I have a number of friends from Australia (“Oz” or “the Wonder Down Under” as the Aussies call it). I have also had the good fortune to visit that great country.
If you know any Australians or have heard them speak, you will know that they pepper their sentences with wonderfully unique expressions such as “G’Day, Mate” or “She’ll be right” or the ever popular “Ripper”. You can brush up on your Australian here.
I was thinking that one Aussie expression has particular relevance for public speakers: “walkabout”.
A walkabout is a kind of rite of passage in which male Australian Aborigines undergo a journey during adolescence and live in the wilderness for a period as long as six months. The expression has also been used to refer to a desire to travel without an itinerary or fixed destination. It is also refers to things that have gone missing as in: “Have you seen my pen? It’s gone walkabout.”
As speakers, we should “go walkabout” whenever the opportunity presents itself. No, I don’t mean that we should go missing when it is our turn to speak. I mean that we should use the stage and walk around when we give a presentation. Doing so enables us to have maximum contact with our audiences; it frees us from being anchored to a lectern and allows us to use the speaking area to maximum effect. It makes us more engaging speakers.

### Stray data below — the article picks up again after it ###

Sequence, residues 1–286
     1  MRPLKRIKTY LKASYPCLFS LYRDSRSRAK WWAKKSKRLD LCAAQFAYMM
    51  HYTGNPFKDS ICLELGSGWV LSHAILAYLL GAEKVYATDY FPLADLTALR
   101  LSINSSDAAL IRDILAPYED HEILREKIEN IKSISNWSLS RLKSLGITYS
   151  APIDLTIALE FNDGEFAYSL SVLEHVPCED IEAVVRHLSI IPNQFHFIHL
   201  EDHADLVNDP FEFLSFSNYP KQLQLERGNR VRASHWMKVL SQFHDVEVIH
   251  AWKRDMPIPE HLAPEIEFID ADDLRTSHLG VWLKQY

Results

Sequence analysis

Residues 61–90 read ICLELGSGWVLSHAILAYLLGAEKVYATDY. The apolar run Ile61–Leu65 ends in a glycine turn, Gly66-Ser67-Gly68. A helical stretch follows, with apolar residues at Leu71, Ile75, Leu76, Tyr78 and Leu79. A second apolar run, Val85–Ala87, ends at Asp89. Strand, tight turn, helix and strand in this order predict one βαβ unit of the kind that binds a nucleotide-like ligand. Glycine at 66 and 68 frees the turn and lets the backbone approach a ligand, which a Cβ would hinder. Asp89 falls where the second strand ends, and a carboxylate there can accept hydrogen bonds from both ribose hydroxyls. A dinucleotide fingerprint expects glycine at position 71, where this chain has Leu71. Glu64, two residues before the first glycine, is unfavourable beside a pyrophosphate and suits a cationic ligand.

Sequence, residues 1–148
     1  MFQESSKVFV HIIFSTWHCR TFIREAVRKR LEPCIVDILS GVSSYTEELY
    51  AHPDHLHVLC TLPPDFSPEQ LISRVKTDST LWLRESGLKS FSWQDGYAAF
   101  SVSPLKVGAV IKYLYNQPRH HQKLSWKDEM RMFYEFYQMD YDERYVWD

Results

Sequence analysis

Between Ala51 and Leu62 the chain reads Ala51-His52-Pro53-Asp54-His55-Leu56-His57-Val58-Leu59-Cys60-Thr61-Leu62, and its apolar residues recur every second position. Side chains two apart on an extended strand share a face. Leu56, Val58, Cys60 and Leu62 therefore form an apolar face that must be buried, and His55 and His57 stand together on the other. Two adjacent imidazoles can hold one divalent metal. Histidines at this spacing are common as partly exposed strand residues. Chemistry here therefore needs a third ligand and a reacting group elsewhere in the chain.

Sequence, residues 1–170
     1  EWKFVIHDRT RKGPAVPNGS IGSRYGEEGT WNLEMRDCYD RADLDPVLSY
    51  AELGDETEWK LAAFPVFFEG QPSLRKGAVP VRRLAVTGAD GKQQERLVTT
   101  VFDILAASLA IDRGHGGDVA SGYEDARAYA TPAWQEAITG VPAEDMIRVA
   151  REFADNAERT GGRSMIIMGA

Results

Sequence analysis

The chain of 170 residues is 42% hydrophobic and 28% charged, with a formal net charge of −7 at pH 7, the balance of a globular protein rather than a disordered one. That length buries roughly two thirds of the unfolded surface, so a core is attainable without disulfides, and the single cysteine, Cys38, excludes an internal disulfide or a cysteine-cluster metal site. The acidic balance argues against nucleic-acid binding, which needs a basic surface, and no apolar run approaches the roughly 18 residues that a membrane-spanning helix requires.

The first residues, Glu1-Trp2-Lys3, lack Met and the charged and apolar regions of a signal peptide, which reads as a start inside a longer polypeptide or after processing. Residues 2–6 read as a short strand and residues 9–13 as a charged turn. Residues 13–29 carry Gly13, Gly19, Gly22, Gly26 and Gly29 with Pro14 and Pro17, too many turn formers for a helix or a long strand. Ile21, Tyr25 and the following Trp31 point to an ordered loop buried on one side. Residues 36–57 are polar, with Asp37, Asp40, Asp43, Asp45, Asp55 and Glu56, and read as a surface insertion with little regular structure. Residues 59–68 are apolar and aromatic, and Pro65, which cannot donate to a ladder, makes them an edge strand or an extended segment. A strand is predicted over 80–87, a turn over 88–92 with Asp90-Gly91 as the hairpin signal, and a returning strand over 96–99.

Have a look at this photograph:
It is a great example of a speaker breaking away from the lectern. The speaking area is fairly large and the speaker is using it. Notice how he opens himself to the audience. They can see his entire body, most of which would otherwise be hidden behind the lectern. He is able to use his arm to make a sweeping gesture. (In fact, it is too bad that he did not have a lapel microphone; having a handheld one greatly limits his range of motion.) He is interacting with the audience.
Keep in mind that a speaker should exercise judgment about how much walking, if any, to do. Sometimes the speaking area is just not conducive to walking around; sometimes the solemnity of the occasion is such that it is better to stay put behind the lectern. That is fine. Using a lectern can be completely appropriate.
However, for those times when it is both possible and appropriate to do so, you should definitely go walkabout. Your audiences will appreciate it. And if there are any Aussies listening, they might just come up to you afterwards and say, “Strewth, Mate, that was a bonzer talk! A real corker! Good on ya!”